RSS feed for Kathy
  • Gully Boy

    Gully Boy


    Aspiring filmmakers should study Gully Boy as a masterclass in character creation. Every character has a place in the story’s social fabric, and we see how they fit into the wider world — not just how they relate to the protagonist.

    Full review here.

  • Period. End of Sentence.

    Period. End of Sentence.


    Netflix’s Oscar-winning short documentary Period. End of Sentence. (PEoS hereafter) is a feel-good story about a group of Indian women empowering themselves and their community through better access to menstrual hygiene products.

    Feminine hygiene has been a popular film subject in India for several years, starting with Menstrual Man, the 2013 documentary about Arunchalam Muruganatham, inventor of a low-cost machine for making sanitary pads. Muruganatham then inspired two fictional Hindi films: 2017’s Phullu and 2018’s Pad Man, starring Akshay Kumar.…

  • Tumbbad



    Hindi-film fans in the United States had to wait until Tumbbad made its streaming video debut to finally catch the horror movie that captivated audiences in India and at film festivals around the world. But boy was it worth the wait! Filmmaker Rahi Anil Barve’s fable eschews metaphor in favor of shockingly literal depictions of its underlying mythology. It is a cautionary tale of the dangers of greed — with consequences presented in brutal detail. That the film’s protagonist forges ahead, knowing full well what doom awaits him, highlights how all-consuming the desire for more can be.

    Full review here.

  • Kedarnath



    Two lovers on opposite sides of a religious and class divide fall in love just before their world falls apart in Kedarnath. The compelling central romance is eclipsed by a well-executed disaster sequence based on the tragic floods of June, 2013, which destroyed much of Kedarnath and killed thousands.

    Full review here.

  • The Price of Free

    The Price of Free


    The fantastic 2013 drama Siddharth follows a poor family’s search for their son, a victim of child trafficking. 12-year-old Siddharth takes a factory job in a distant city for a month to earn money for his younger sister’s dowry. When the boy doesn’t return, his parents have to search for him with scant information of his whereabouts, extremely limited funds, and no picture of their son to show to the authorities.

    For parents facing a similar crisis to the family…

  • Karwaan



    The dehumanizing nature of modern office culture is ideal movie fodder. Companies tout their soul-crushing policies as necessary for the sake of “efficiency” — code for cutting labor costs to increase the profits of shareholders and executives. Karwaan (“Caravan“) beautifully puts the lie to this vision of efficiency, showing instead how interpersonal connections and generosity are often better tools for getting things done than cold bureaucracy.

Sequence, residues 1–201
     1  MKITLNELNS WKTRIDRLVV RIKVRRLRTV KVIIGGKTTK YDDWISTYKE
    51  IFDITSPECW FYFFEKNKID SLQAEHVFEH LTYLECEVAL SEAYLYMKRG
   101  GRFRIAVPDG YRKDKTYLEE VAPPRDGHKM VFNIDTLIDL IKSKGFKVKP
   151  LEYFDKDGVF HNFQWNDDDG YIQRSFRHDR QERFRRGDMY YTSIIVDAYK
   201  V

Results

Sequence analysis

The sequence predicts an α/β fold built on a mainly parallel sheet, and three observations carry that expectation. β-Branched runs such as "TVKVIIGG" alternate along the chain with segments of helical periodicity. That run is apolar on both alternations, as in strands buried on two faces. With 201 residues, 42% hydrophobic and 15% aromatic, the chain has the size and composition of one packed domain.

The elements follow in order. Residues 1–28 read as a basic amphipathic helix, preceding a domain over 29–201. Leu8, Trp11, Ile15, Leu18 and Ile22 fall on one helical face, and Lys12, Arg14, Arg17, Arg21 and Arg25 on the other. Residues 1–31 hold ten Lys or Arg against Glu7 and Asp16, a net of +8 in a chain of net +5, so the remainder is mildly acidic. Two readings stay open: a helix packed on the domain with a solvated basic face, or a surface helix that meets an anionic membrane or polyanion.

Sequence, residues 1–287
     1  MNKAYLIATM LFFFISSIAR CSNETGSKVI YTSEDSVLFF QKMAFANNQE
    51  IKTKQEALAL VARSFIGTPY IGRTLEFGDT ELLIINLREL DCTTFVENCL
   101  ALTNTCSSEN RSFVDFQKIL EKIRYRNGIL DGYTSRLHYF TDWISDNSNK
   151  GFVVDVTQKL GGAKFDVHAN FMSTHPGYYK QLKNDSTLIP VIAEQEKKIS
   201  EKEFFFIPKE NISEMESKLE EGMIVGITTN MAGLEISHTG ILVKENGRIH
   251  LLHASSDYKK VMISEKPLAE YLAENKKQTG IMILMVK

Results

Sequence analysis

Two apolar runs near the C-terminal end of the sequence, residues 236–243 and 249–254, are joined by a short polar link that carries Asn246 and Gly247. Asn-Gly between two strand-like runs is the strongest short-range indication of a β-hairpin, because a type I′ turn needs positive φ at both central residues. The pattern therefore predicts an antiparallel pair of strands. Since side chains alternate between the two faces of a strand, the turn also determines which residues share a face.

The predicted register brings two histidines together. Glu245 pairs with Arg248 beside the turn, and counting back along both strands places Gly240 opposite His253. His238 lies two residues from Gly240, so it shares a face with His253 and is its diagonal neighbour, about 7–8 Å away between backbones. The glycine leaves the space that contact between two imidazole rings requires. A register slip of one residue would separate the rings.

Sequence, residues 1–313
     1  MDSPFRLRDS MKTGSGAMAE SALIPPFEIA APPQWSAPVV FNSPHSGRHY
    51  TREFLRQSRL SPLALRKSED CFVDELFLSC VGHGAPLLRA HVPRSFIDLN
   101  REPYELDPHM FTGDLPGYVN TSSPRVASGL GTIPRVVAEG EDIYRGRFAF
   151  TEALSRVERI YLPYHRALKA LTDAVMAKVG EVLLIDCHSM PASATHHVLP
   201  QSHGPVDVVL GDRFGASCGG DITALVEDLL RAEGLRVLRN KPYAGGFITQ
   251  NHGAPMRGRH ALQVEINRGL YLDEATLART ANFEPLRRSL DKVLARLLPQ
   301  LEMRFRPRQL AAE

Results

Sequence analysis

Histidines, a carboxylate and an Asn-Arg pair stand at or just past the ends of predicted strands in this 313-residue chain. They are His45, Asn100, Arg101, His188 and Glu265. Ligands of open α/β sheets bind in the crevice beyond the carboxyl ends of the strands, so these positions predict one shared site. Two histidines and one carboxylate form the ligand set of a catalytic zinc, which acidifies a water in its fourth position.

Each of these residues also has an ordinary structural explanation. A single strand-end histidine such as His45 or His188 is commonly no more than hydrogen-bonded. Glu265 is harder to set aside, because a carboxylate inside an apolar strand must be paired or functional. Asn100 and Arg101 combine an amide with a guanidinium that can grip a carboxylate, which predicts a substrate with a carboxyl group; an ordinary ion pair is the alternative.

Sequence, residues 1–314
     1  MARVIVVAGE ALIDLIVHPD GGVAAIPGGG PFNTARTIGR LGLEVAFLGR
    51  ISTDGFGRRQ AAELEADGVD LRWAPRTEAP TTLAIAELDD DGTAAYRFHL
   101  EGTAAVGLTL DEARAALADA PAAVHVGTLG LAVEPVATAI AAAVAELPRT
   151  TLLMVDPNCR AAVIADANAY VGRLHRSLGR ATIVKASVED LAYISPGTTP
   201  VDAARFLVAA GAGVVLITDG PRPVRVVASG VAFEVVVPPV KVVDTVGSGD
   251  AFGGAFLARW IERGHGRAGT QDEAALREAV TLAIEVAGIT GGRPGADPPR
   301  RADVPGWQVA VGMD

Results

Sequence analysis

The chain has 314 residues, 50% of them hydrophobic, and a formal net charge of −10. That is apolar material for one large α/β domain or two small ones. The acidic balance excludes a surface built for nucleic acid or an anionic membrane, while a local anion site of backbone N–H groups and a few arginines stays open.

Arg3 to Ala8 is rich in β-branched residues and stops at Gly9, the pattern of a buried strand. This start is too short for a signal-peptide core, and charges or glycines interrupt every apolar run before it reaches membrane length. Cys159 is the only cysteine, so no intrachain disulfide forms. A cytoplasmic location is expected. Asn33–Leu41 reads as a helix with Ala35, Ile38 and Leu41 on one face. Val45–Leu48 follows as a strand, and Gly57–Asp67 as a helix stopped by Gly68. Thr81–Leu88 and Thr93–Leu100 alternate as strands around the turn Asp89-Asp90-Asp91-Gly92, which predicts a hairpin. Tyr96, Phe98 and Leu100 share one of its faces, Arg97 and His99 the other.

Full review here.

  • Mirai


    I was expecting something fanciful, but it's mostly about how annoying it is to raise kids. It was depressing so I bailed after 30 minutes, even though Crispin Freeman is one of the voice actors. :-(

  • Minding the Gap

    Minding the Gap


    Incredible. What a fascinating portrait of contemporary Rockford. Also some top-notch steadicam usage. Totally worth subscribing to Hulu just for this.

  • Thugs of Hindostan

    Thugs of Hindostan


    Despite its novelty as a rare Bollywood seafaring epic, Thugs of Hindostan is done in by predictable character development and a familiar plot focused too heavily on its male protagonists.

    Full review here.

  • Once Again

    Once Again


    A reclusive movie star pursues a romance with the woman who cooks for him in Once Again.

    Comparisons between Once Again and 2013’s The Lunchbox are inevitable. Both films are about lonely Mumbaikars who form a romantic attachment to one another through the medium of food. While The Lunchbox chronicles the development of attraction, Once Again pushes its lead couple forward into a relationship.

    Full review <href="">here.

  • Andhadhun



    Neo-noir filmmaker Sriram Raghavan made his best movie yet: the black comedy Andhadhun (“Blindly“).

    Ayushmann Khurrana stars as Akash, a talented blind musician living in Pune. He gets a gig as the piano player at trendy restaurant after the owner’s beautiful daughter, Sophie (Radhika Apte), runs into him with her scooter. The job puts Akash in touch with some high rollers, including former film star Pramod Sinha (Anil Dhawan). Pramod hires Akash to serenade him and his young wife Simi (Tabu) on their anniversary, and things don’t go as planned.

    Full review here.

  • You Might Be the Killer

    You Might Be the Killer


    A really funny and smart riff on horror movie tropes. And no jump scares! Alyson Hannigan is pretty great in it, too.